7 February 2024
We were thrilled to attend a fascinating session in the ongoing series of Unitarian – Hindu Connections, featuring Manjula Sood MBE – member of our congregation. The event, held online on Wednesday, 7 February at 7:30 pm, offered valuable insights into how Hindu Dharma and Unitarianism have influenced her journey in public service.
Manjula Sood’s story is one of remarkable dedication and community spirit. Arriving in the United Kingdom in 1970, she quickly became an integral part of Leicester. Her path to public service took a poignant turn after the passing of her husband, Paul Sood, a respected figure in British politics. Following in his footsteps, Manjula entered politics, winning the by-election for her husband’s former seat as a local Councillor. Later she was elected as the first Asian female Lord Mayor of any city in the United Kingdom in May 2008.
Throughout her journey, Manjula has embodied the values of Hindu Dharma and Unitarianism, blending spirituality with a deep sense of duty to her community. Her leadership, grounded in compassion and inclusivity, serves as an inspiration to us all. We extend our sincere appreciation to Manjula Sood for sharing her inspiring story, and we eagerly anticipate further discussions on the intersections of Unitarianism and Hindu Dharma in future sessions.
28 January 2024
After the service, on the last Sunday in January, we met in the Garden Room for a shared Burns Lunch. This event has become an annual tradition with its origins traceable back to the time when brother and sister Charles Mackintosh and Morag Jones, who were born and bred in Scotland, started attending Great Meeting and introduced it to the Chapel calendar.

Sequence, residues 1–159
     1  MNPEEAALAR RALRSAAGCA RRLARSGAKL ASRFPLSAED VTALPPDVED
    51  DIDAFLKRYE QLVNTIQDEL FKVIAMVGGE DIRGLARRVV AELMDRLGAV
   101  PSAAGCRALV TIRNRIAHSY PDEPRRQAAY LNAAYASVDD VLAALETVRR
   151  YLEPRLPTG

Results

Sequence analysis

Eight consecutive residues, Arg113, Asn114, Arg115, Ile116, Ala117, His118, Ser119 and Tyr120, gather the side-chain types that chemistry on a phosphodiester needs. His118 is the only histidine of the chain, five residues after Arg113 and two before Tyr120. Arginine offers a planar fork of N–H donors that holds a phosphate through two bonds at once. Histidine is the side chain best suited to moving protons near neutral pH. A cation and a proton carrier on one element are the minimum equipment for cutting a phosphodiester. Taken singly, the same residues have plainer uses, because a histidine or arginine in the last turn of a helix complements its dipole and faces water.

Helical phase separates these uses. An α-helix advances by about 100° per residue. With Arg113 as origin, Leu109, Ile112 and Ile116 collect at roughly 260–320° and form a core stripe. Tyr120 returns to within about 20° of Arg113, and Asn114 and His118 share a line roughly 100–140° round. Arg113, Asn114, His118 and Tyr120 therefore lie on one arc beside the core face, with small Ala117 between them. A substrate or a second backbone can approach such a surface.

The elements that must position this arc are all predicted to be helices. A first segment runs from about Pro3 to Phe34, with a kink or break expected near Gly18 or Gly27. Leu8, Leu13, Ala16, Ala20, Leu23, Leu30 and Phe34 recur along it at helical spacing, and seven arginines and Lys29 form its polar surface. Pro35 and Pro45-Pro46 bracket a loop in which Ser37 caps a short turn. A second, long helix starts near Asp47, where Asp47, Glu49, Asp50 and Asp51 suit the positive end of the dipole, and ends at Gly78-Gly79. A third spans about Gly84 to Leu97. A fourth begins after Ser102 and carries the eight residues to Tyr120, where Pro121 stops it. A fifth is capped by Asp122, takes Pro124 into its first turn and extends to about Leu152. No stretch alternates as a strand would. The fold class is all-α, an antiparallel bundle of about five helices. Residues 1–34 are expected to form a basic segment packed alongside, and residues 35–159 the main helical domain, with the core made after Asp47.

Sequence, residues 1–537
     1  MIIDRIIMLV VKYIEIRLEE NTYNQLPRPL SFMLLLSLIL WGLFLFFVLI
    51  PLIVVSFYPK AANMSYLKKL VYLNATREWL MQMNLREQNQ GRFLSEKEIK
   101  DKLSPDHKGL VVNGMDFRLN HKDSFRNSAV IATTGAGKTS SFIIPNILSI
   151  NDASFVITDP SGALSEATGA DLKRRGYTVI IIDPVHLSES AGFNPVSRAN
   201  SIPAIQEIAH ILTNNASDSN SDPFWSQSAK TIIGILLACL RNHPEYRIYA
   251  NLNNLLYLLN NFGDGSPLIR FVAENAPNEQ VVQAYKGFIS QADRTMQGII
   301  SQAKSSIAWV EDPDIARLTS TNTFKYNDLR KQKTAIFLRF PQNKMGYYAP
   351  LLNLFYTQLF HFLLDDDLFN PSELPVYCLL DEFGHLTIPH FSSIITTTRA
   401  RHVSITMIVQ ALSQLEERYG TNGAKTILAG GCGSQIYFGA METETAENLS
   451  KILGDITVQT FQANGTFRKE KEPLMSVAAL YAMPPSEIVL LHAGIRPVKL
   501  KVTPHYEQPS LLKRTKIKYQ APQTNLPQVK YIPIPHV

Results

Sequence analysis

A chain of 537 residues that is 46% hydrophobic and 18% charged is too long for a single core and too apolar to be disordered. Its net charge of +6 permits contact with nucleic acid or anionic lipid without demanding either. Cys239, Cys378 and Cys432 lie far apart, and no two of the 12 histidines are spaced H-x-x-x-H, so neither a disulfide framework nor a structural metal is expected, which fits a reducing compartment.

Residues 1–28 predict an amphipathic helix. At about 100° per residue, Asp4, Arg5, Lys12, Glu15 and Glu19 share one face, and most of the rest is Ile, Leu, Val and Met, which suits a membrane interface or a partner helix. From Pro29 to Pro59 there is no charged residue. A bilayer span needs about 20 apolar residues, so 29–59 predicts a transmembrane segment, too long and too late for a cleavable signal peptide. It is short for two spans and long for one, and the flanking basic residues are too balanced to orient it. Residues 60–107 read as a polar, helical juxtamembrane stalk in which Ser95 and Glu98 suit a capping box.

Stuart treated us to ceremonial readings by Robbie Burns and used his fearsome looking dagger to make the first cut into the haggis. We all appreciated his fine Scottish accent and the sense of drama and occasion he brought to the proceedings.
Thanks to all those who helped make it such a tasty meal and relaxed, enjoyable occasion.
17 January 2024
The 4th session of ‘Faith in Focus’ featuring our minister, Arek, has been an insightful exploration of Unitarianism. Hosted by the Leicester Dialogue Society, the “Faith in Focus” events aim to foster interreligious understanding and appreciation among a diverse audience. Arek explained the origins and development of Unitarianism, and provided insights into our structures, practices and values today. He also spoke about the role Leicester Unitarians played in the history of our city, and shared his own life journey that led him to joining a Unitarian congregation and eventually becoming a Unitarian minister.
The talk successfully contributed to the broader dialogue on faith, emphasizing the importance of mutual respect and harmony within the community, both in Leicester and on the national scale. The Leicester Dialogue Society continues to play a pivotal role in building bridges between different faiths, facilitating meaningful conversations, and nurturing a spirit of unity within the community.
We are pleased to announce that our weekly Coffee Mornings have been added to the online map of Places of Welcome after having met the “5 Ps” of Places of Welcome required for an official recognition:
Place: An accessible and hospitable building, open at the same time every week.
People: Open to everyone regardless of their circumstances or situation, and staffed by volunteers.